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Full recovery for US hotel industry is ‘several years away’

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The American Hotel & Lodging Association’s 2022 State of the Hotel Industry Report found the rapid rise of “bleisure” travelers — those who blend business and leisure. Photo: Hotel 1000 in Seattle

The hotel industry will continue moving toward recovery in 2022, but the path will be uneven and potentially volatile, with full recovery still several years away, according to the American Hotel & Lodging Association (AHLA)’s 2022 State of the Hotel Industry Report. 

A key finding of the report was the rapid rise of “bleisure” travelers — those who blend business and leisure travel. One study of global business travelers found 89% wanted to add a private holiday to their business trips in the next year.
 
Other top findings of the report:

  • Hotel occupancy rates and room revenue are projected to approach 2019 levels in 2022
     
  • The outlook for ancillary revenue — which includes food & beverage and meeting space — is less optimistic
     
  • Hotels lost a collective $112 billion in room revenue during 2020 and 2021
     
  • Leisure travelers will continue to drive recovery: in 2019, business travelers made up 52.5% of industry room revenue; in 2022, business travelers are projected to represent just 43.6%
     
  • Business travel is expected to remain down more than 20% for much of the year, while just 58% of meetings and events are expected to return; with the full effects of the Omicron variant not yet known
     
  • In this new environment, technology will be even more critical to a property’s success, according to AHLA Platinum Partner Oracle Hospitality. Many hotels are investing in technology to meet the needs of both guests and employees today and in the future

“Hotels have faced enormous challenges over the past two years, and we are still a long way from full recovery,” facing,” said Chip Rogers, president and CEO of AHLA. “The uncertainty about the Omicron variant suggests just how difficult it will be to predict travel readiness in 2022, adding to the challenges hotels are already.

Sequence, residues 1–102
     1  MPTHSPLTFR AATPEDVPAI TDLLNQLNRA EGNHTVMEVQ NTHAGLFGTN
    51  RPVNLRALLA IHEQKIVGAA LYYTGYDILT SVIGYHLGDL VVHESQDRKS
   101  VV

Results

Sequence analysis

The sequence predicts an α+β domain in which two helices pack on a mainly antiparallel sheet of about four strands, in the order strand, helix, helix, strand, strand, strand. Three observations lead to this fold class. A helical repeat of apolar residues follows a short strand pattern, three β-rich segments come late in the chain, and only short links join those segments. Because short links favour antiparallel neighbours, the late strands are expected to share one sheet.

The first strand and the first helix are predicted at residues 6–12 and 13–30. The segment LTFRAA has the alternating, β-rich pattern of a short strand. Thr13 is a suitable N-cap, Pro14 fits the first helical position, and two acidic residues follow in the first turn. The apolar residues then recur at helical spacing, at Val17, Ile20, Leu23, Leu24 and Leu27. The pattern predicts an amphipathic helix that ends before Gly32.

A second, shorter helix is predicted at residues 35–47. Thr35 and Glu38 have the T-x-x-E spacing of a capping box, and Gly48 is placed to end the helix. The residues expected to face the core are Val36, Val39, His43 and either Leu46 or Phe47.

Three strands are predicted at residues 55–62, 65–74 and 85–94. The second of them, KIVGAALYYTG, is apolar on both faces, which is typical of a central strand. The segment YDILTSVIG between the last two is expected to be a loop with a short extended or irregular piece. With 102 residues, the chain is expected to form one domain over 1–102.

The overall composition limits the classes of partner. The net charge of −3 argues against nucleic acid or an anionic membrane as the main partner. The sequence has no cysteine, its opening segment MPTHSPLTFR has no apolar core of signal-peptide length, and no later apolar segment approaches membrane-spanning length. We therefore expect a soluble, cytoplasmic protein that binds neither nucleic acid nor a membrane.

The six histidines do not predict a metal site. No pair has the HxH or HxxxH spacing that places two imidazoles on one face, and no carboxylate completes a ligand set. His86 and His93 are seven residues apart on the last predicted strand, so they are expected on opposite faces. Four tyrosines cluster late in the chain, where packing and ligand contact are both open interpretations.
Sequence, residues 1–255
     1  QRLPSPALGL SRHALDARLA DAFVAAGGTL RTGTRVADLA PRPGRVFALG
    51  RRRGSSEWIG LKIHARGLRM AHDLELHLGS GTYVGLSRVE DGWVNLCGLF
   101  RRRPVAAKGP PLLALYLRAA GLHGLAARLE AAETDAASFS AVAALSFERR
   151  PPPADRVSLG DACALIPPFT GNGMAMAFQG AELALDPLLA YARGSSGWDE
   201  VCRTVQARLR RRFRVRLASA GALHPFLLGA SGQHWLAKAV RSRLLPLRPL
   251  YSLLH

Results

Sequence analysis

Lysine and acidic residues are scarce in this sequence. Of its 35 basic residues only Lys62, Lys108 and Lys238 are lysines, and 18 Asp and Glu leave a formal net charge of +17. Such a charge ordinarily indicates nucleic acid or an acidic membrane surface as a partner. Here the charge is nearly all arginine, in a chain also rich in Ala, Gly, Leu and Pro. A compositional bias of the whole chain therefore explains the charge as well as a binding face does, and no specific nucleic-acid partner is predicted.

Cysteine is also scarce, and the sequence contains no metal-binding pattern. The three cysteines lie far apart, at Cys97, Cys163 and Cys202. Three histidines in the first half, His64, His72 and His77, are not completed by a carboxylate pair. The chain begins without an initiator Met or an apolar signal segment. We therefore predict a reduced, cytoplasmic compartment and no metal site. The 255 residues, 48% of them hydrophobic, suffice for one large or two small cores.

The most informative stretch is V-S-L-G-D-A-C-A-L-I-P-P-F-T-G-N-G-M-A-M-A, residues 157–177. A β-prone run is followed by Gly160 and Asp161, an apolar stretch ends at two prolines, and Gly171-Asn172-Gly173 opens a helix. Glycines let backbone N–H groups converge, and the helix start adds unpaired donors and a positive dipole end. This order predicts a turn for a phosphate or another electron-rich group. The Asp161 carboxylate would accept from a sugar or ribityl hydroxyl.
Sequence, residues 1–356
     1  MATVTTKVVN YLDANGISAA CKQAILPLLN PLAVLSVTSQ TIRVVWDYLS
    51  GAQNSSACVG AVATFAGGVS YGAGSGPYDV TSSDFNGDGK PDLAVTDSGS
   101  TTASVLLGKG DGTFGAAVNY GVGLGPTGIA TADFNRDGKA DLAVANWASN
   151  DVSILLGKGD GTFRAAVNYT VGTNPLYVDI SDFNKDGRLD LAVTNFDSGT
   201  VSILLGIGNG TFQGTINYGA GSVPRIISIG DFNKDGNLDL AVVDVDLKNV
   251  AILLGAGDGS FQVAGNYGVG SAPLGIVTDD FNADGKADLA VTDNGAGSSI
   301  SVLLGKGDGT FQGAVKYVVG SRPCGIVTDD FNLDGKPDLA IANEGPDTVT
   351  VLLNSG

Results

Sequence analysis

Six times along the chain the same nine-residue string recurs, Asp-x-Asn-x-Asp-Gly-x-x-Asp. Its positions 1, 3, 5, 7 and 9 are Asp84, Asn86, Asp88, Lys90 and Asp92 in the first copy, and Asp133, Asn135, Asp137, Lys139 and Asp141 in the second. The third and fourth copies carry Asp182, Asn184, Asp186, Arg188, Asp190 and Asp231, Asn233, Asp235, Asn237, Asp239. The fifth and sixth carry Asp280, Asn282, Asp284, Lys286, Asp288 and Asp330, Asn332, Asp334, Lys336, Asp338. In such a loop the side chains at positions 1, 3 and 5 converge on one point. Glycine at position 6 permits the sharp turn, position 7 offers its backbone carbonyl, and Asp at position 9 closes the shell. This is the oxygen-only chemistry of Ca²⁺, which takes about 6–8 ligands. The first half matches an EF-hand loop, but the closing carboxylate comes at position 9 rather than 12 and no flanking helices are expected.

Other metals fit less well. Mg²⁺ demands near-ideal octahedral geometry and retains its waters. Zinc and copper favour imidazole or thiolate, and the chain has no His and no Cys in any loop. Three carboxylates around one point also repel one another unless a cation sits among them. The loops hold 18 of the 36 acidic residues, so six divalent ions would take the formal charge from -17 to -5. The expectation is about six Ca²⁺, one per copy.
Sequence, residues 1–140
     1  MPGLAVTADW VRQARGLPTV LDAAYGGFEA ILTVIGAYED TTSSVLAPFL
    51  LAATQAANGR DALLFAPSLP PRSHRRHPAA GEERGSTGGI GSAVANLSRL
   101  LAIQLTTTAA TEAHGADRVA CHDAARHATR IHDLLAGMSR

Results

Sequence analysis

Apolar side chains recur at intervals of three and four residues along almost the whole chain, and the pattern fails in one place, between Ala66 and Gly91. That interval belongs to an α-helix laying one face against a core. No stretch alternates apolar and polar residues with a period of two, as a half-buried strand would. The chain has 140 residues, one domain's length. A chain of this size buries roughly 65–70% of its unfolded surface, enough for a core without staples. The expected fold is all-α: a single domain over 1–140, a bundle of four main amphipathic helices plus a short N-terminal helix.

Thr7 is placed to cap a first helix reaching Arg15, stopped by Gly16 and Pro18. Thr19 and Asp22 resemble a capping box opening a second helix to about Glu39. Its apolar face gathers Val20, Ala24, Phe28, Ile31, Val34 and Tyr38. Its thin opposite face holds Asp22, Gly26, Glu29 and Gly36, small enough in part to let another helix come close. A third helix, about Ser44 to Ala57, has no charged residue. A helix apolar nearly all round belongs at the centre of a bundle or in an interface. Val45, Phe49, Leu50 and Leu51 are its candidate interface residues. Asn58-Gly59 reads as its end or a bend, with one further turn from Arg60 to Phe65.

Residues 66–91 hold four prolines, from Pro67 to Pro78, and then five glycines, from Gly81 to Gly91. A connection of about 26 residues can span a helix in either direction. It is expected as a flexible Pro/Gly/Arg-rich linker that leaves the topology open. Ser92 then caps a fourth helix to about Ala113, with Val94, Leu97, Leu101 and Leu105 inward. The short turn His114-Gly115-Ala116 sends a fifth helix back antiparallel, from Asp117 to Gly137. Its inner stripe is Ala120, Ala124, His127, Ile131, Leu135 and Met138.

“The slow return of business travel and fewer meetings and events continue to have a significant negative impact on our industry. The growth of leisure and bleisure travel represents a shift for our industry, and hotels will continue evolving to meet the needs of these ‘new’ travelers.”

Liselotte De Maar, managing director in Accenture’s travel industry, added: “Travel and hospitality brands still face an uncertain marketplace, but all these changes also herald a new era of opportunity to drive long-term customer loyalty. They should flex with demand and respond to the added complexities and volatility in travel by delivering a ‘travel partner’ mentality to their leisure and business customers.

“Travelers are now not only focused on price and quality of a location, but also on cleanliness and sustainability values and impact, and expect a clearer, more digital service. Companies will need to continue to digitally transform, reinvent their loyalty model, as well as rethink the employee proposition, if they wish to thrive.”

Like other industries, hotels have been dealing with a major workforce shortage that could impact recovery. The AHLA Foundation is launching a new, national, multichannel ad campaign to help fill the hundreds of thousands of open jobs in the hotel industry. The pandemic wiped out 10 years of job growth.

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This multi-year effort, “The Hotel Industry: A Place to Stay,” aims to help job seekers discover the 200 plus career pathways and many perks that the industry offers, including competitive wages, benefits, flexible schedules and travel opportunities.

The report was created in collaboration with AHLA Silver Partner Accenture and is based on data and forecasts from Oxford Economics and AHLA Platinum Partner STR.

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